Friday, 12 December 2014 04:36








A Bill is a legislative draft proposed in Parliament for approval. If approved and passed by Parliament and assented by the President, the Bill becomes an Act. Bill may be introduced in the Parliament by ministers or private members. The former are called government bills and the latter, private members' bills. Bills may also be classified as public bills and private bills.

Bills may be classified on the basis of their content as Ordinary Bill and Money Bill.

a) Ordinary Bill

Any Bill which is not a Constitution Amendment Bill or a Money Bill is classified as an Ordinary Bill. Ordinary Bills are of five types.

• Original Bills (which embody new proposals, ideas or policies),

• Amending Bills (which modify, amend or revise existing Acts),

• Consolidating Bills (which consolidate existing law on a particular subject),

• Expiring Laws (Continuance) Bills (which authorise the continuation of an expiring Act), and

• Bills to replace Ordinances issued by the President.

Procedure for passing of an Ordinary Bill: An Ordinary Bill may be introduced in Lok Sabha or Rajya Sabha. The Bill needs to be passed by both Houses by a majority of members present and voting. If it is passed by the House in which it was introduced, and rejected by the other House, the President may call a joint sitting of both the Houses. In this sitting, the decision to accept or reject a Bill is taken by the majority of the total number of members of both Houses present and voting.

b) Money Bill

A Bill is considered to be a Money Bill if it contains only provisions dealing with all or any of the following matters listed below as:

• The imposition, abolition, remission, alteration or regulation of any tax;

• The regulation of money borrowed by the Government of India or any guarantee given by the Government of India;

• The Bill can also consider amendment of the law with respect to any financial obligations undertaken or to be undertaken by the Government of India;

• The custody of the Consolidated Fund of India or the Contingency Fund of India , the payment of moneys into or the withdrawal of moneys from any such Fund;

• The appropriation of moneys out of the Consolidated Fund of India;

• The declaring of a new item to be expenditure charged on the Consolidated Fund of India. Also, if there is any increase in the amount of any such expenditure;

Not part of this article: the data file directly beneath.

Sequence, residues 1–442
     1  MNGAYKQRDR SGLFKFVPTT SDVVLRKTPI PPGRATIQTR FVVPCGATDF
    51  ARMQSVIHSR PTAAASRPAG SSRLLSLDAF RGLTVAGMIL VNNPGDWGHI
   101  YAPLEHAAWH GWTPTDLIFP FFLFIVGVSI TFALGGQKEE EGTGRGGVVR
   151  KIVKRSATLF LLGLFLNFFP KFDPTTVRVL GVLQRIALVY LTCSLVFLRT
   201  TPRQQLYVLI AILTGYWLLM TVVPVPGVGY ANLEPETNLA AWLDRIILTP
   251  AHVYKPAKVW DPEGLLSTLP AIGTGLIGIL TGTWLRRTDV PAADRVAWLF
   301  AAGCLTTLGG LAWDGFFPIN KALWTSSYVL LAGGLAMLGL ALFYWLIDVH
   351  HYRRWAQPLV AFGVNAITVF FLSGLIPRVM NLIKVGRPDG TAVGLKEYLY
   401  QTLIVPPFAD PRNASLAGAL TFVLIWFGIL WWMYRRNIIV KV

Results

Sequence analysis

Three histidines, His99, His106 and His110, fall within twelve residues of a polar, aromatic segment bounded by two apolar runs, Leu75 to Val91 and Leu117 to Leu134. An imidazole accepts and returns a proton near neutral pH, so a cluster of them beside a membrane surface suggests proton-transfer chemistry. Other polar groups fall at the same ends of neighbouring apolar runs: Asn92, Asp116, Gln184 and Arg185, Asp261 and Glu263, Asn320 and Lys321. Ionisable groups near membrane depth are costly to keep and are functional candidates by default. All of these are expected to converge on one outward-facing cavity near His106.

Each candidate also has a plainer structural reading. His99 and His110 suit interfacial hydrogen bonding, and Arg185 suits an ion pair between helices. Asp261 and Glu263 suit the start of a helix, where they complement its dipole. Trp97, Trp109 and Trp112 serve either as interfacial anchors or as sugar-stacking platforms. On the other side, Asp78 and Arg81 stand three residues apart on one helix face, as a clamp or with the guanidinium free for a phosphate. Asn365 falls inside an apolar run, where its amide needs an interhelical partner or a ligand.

• The receipt of money on account of the Consolidated Fund of India or the Public Account of India or the custody or the issue of such money or the audit of the accounts of the Union or of a State; or

• Any matter incidental to any of the matters specified above.

A Money Bill can be introduced in Lok Sabha only. If any question arises whether a Bill is a Money Bill or not, the decision of Speaker thereon is final. The Speaker is under no obligation to consult any one in coming to a decision or in giving his certificate that a Bill is a Money Bill. The Speaker’s certificate on a Money Bill once given is final and cannot be challenged. A Money Bill cannot be referred to a Joint Committee of the Houses.

Procedure for passing of Money Bill:

1. Money Bills can be introduced only in Lok Sabha (the directly elected 'people's house' of the Indian Parliament).

2. Money Bills passed by the Lok Sabha are sent to the Rajya Sabha (the upper house of parliament, elected by the state and territorial legislatures or appointed by the President). The Rajya Sabha may not amend Money Bills but can recommend amendments. A money Bill must be returned to the Lok Sabha within 14 days or the Bill is deemed to have passed both houses in the form it was originally passed by the Lok Sabha.

3. When a Money Bill is returned to the Lok Sabha with the recommended amendments of the Rajya Sabha it is open to Lok Sabha to accept or reject any or all of the recommendations.

4. A Money Bill is deemed to be passed by both the houses with or without any amendments recommended by Rajya Sabha.




Last Updated on Friday, 12 December 2014 04:38